A national online survey conducted in April by Flexcin International, Inc, Fort Myers, Fla., collected responses from 1,350 individuals who have some form of arthritis, osteoarthritis, psoriatic arthritis, rheumatoid arthritis, gout, lupus or other joint-related pain, illness or disability.
Findings from the survey, which evaluated levels of support and awareness for those with arthritis, reveals women feel they receive less support than their spouses. The survey also showed co-workers offer more support than family members.
Data from the survey also indicates that in households where only one spouse has a form of arthritis, 78.3% of women feel they receive little or no support; and 65.6% of men say they are satisfied with support. More than half of respondents still working (56.3%) say they feel co-workers offer a higher level of support and overall awareness compared to that of family members.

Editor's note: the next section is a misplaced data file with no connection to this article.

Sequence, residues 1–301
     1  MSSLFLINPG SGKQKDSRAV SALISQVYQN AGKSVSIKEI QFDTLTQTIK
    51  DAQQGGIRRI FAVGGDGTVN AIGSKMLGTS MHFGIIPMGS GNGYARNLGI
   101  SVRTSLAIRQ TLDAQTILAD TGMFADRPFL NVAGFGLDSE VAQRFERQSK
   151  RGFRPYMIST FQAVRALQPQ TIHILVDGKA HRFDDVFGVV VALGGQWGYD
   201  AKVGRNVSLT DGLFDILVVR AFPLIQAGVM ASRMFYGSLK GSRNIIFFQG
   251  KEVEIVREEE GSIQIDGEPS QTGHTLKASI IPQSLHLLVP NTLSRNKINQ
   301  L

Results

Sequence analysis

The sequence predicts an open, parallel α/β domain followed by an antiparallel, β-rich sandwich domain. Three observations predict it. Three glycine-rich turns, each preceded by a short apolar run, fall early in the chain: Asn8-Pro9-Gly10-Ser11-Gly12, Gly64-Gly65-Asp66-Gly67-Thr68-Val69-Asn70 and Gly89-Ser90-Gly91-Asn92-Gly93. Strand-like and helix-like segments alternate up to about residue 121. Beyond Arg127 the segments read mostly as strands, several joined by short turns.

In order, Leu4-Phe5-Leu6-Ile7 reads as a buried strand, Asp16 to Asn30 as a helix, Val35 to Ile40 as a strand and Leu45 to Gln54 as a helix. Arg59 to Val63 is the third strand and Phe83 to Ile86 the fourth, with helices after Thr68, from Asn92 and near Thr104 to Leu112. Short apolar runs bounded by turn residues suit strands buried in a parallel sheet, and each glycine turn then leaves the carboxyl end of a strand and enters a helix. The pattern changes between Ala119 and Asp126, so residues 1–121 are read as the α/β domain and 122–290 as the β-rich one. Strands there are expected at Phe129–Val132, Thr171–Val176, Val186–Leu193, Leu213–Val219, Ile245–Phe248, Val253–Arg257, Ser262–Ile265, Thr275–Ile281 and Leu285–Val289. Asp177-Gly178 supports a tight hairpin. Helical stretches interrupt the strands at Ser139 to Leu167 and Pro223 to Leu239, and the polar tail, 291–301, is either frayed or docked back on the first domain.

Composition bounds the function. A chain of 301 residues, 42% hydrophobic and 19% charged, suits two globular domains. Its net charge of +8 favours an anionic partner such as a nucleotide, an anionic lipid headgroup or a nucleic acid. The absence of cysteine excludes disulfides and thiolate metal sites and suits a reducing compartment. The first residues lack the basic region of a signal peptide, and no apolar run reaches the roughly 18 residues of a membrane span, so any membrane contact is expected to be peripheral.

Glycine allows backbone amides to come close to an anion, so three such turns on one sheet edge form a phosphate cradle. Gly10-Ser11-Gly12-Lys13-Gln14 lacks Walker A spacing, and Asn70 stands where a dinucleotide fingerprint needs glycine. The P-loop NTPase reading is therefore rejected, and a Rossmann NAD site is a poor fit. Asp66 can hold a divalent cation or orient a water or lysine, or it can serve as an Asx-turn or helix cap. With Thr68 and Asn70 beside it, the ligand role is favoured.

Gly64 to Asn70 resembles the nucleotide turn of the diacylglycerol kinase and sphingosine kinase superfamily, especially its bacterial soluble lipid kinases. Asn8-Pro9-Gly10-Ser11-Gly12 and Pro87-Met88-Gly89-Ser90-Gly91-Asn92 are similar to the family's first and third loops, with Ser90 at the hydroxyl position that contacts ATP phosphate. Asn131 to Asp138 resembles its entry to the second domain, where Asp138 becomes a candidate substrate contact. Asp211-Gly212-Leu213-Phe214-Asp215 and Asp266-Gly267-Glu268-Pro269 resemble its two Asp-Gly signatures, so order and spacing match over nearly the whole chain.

About 67% of respondents report other members of the household are never aware of their arthritis or just sometimes, and 64.4% of respondents indicate others in the household never take an interest in their daily issues with arthritis, or just every now and then.
The majority of respondents (58.4%) report their arthritis hurts the most when cleaning and doing household chores.
The Centers for Disease Control and Prevention (CDC) projects that by the year 2030 an estimated 67 million people in the U.S. will be affected by arthritis, up from current estimates of 50 million.